Print, Design for the Ten-Deck House, June 16, 1928
Mimeograph print, brush and blue watercolor on white wove paper.
Museum purchase from Smithsonian Institution Collections Acquisition Program Fund. 1991-53-1.
- Architect: R. Buckminster Fuller
What is this?
Multi-leveled tower-like building supported by cables being dropped into bombed craters depicted in a dynamic and vigorous swooping, diagonal orientation from the upper left to lower right. Three binder holes along left edge.
Why is this important?
R. Buckminster Fuller was a designer, inventor, architect, engineer, and philosopher but he called himself simply a "comprehensivist." As an optimistic visionary, in 1927 Fuller decided to learn what one individual could do for humanity, considering global, economic, and environmental problems that were then rarely discussed. He designed for future rather than present needs, which is epitomized in the Ten-Deck House, one of his earliest designs for low-cost, mass-produced housing. To install the house, a small bomb would detonate, creating a crater. Then, a dirigible would deliver and lower the pre-constructed house, made of lightweight materials, into the hole. The entire building was structured around a central mast with tension cables that supported the decks, freeing the ground space. Each deck accommodated four living stories. This hand-colored mimeograph print, created using an early version of a photocopying machine, depicts the house from an angle, giving it the look of a skyscraper. Fuller was uninterested in aesthetics and traditional norms, so this image is likely the result of a functional idea, rather than a predetermined visual effort. Although the Ten-Deck House was never realized, he applied its principles to later designs, like the well-known single-family Dymaxion House, for which he created a prototype.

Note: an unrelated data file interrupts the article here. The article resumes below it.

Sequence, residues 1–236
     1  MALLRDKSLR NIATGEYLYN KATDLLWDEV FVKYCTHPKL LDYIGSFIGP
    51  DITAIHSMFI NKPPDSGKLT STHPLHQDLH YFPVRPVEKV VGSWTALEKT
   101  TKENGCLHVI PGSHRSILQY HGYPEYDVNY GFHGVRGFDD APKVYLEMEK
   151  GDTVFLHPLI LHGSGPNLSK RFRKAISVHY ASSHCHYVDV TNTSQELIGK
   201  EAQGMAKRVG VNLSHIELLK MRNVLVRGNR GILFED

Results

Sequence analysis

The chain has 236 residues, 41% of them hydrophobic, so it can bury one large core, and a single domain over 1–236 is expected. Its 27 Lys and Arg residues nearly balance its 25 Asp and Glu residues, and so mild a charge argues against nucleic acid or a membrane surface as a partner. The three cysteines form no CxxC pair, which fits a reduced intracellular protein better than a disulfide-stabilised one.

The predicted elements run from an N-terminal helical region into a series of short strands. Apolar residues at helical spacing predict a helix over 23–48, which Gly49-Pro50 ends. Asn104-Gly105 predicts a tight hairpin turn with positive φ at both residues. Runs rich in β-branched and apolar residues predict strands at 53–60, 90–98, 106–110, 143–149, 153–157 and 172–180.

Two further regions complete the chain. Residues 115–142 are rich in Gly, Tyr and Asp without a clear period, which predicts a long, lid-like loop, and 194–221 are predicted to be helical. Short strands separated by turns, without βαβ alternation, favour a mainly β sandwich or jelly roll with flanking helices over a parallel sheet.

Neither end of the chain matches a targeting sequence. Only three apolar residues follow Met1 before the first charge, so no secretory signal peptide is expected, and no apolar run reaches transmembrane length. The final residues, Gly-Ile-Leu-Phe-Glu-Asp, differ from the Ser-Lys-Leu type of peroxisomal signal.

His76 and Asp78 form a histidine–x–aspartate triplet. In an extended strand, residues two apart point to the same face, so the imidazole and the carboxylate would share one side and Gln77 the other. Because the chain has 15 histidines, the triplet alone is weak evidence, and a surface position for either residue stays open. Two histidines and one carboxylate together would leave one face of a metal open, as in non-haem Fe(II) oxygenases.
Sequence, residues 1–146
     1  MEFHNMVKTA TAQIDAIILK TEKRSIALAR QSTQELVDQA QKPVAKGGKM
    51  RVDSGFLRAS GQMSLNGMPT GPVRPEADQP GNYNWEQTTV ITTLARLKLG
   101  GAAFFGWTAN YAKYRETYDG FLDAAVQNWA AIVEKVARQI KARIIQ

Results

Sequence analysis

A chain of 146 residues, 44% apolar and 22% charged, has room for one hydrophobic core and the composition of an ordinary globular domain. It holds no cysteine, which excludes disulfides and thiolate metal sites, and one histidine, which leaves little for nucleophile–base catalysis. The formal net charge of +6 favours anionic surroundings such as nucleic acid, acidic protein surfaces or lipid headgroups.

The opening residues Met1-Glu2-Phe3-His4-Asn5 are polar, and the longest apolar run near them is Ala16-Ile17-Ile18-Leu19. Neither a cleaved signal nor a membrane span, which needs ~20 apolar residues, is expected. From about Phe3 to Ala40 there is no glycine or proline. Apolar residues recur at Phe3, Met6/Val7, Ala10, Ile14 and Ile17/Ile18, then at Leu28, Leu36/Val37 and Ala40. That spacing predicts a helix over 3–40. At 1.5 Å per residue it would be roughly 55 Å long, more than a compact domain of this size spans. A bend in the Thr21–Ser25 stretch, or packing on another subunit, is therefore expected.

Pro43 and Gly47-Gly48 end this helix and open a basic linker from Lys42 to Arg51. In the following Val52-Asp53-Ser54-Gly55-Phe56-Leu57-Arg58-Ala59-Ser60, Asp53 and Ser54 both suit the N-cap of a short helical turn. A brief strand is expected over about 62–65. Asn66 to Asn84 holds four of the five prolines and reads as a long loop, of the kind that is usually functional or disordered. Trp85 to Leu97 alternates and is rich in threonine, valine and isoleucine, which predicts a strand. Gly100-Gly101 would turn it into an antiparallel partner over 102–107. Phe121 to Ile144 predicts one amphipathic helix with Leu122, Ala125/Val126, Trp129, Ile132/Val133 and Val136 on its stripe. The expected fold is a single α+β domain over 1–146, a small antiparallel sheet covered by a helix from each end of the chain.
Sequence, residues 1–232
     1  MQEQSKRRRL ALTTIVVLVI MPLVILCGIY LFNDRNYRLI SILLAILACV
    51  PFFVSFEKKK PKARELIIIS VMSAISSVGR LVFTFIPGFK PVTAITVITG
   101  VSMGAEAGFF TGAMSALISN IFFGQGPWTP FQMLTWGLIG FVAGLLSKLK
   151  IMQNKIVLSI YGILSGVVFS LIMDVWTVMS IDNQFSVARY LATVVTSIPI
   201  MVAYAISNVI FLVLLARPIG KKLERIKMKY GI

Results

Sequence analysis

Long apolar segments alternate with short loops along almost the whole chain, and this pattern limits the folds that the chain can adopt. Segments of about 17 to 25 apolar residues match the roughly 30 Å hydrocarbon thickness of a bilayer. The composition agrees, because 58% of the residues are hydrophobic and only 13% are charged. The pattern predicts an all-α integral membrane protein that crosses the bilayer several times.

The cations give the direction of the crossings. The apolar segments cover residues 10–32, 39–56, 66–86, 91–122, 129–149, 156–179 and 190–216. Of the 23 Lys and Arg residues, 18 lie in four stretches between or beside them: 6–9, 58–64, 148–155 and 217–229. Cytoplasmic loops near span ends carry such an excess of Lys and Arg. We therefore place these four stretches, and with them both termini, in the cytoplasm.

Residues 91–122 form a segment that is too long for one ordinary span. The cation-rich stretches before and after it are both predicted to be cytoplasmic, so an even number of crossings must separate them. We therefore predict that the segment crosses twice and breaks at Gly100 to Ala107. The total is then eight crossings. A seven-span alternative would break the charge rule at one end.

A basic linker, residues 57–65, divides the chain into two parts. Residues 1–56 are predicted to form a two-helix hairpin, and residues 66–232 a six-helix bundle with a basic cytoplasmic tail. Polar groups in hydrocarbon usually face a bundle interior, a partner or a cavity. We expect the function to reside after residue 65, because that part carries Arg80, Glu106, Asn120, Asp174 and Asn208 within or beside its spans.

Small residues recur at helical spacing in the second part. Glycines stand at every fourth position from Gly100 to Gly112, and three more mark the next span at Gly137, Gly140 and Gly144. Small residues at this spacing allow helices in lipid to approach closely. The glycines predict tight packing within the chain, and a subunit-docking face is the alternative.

This object has been included in the following exhibitions: